If you are seeking a job in the summer, consider using the period to prepare yourself. Update yourself, gain important skills, update your social media profiles, build networks, learn new skills, and so on.

​This will pay off by the time the hiring kicks off fully.

girl thinking at computer

​Friends And Jobs

​​​One of the most powerful forces on the face of the planet are when people work together.

When you're in the job search, you are right in the middle of the perfect time to reach out to long lost friends and relatives, distant cousins that are in good positions, college advisors, and others who can help you find a job.

With your huge network, there is a big chance someone in your network might be aware of an open or more importantly put in a good word for you. Letting everyone in your network know that you are searching will make them consider you, should there be an opening.

You can also network by seeking events in your chosen industry. There are cites with professional networking associations that have members that meet regularly.

Getting an opening via networking increases your chances of getting the job tremendously. Thus, you have a direct connection to the job rather than being a random applicant.

As the old saying goes, "Your network is your net worth."

​And don't be afraid to reach out for fear of not being able to give anything to the other person; one day, your friends may need something from you that only you can give them.

​That's what friends are for. So don't be afraid to reach out to the people you know.

friend network

​How Free Work Can Make You Rich

​​When you volunteer, you are making yourself more attractive and desirable to Human Resources Managers. Volunteering can help you develop skills, make new friends, and even makes you happier. (source).

Thus, dedicating your time to causes and helping others greatly increases your chances of getting a job. Even if all you can afford in a whole week is an hour, ​that hour will be well spent in the long run.

Volunteering demonstrates to employers that you have the required skills needed on the job, skills that might not be developed while in school. With volunteering, you show ​that you are willing to go above and beyond what is expected.

You show that you are willing to learn, able to serve, and always dedicated to the cause.

​If you have those traits, you're an ideal candidate for top tier jobs.

​​Play A Long Game

​If you are really serious about getting a job, recruiting agencies could also be of tremendous help.

Recruiters are usually informed on several jobs that are suitable for you and your desired skill sets. They could get you straight to the front of hiring managers thus, saving you time for searching for jobs.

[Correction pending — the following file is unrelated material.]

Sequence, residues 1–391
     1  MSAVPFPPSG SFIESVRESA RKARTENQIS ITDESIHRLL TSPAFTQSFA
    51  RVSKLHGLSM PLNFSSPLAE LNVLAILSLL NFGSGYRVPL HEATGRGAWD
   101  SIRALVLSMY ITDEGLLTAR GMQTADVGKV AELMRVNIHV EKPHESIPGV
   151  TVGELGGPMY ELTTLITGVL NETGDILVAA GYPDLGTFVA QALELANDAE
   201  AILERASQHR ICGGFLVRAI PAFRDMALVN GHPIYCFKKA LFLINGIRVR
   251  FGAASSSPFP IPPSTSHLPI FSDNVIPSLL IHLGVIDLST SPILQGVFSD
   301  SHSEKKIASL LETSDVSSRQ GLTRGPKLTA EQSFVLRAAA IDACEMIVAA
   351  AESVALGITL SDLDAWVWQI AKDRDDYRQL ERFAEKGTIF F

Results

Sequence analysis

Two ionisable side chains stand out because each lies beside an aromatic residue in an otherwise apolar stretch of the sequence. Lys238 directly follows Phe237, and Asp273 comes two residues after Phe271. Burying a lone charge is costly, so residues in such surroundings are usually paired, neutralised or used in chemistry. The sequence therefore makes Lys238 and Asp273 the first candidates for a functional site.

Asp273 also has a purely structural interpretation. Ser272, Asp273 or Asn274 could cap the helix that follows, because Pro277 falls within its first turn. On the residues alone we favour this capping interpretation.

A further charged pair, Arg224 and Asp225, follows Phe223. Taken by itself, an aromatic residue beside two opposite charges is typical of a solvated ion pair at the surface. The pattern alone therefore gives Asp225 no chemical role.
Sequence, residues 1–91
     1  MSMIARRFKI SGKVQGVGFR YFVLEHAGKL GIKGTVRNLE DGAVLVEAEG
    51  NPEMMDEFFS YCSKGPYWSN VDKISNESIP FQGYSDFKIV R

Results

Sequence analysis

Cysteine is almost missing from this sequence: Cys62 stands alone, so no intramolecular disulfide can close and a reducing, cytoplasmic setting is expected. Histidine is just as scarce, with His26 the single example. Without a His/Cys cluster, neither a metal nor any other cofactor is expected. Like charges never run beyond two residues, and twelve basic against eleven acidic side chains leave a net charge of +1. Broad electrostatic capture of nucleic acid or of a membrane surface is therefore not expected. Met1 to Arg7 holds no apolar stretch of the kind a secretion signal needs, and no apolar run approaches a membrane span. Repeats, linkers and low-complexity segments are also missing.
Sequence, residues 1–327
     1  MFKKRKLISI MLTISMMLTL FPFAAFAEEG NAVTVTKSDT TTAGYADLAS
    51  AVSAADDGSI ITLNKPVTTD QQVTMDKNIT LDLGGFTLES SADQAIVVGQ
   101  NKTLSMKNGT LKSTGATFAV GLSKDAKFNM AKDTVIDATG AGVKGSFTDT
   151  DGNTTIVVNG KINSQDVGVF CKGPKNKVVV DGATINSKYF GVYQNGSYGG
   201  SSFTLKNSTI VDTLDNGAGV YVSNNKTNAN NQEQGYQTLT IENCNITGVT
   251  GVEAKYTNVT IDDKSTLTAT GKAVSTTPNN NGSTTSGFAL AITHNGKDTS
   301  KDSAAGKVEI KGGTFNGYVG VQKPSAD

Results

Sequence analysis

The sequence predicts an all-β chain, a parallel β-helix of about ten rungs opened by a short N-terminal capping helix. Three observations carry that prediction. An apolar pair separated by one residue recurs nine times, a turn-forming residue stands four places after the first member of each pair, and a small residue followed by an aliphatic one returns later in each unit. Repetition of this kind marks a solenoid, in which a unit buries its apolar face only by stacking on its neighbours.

You can also consider temporary jobs to get a quick job.

Although it is only temporary, it is a way to make some money. ​These temporary jobs can help you learn new skills and put some more stuff on your resume.

No one ever starts out at the top. Be willing to work a low level position now so that later, your dream job will be right there waiting for you.

Try to do whatever it takes to get your foot in the door with the company you want to work at. Instead of trying for a C-level position your first interview, play long term. Be willing to get down and dirty now so that you can rise high later.

handshake for a job

​Conclusion

Thanks for reading!

​Obviously, getting a job can be a job in itself. Some could see it as a daunting task, but the good news is that all the effort invested will pay off in the future.

And remember: the less people who are willing to do the tasks we've outlined above, the more likely you are to succeed by following them.

You are just a few steps away from your dream job. 

​Let me know in the comments: ​what job are you trying to get?

Stay awesome. Have a great day.

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Copyright Information: Copyright Elite Happiness. This content may be freely reproduced in full or in part in digital form with full attribution to the author and a link to www.elitehappiness.com. Please contact us for permission to reproduce this content in other media formats.

How To Start A Business That Will Make You A Millionaire

How To ​Start A Business

That Will Make You A Millionaire

​For someone with nerves of steel and a good head for figuring out problems, it only makes sense to be an entrepreneur.

Despite the increased risk, entrepreneurship ​is pretty logical: research in Thomas Stanley's groundbreaking book The Millionaire Next Door shows that self employed people are over 4x as likely to be millionaires as people who work for others.

But that raises a question: with failure so rampant in the startup space and knowing that a majority of businesses don't last more than 5 years (source), ​how do you start a business that both guarantees a high income (let's put you at millionaire status) and won't fail on you?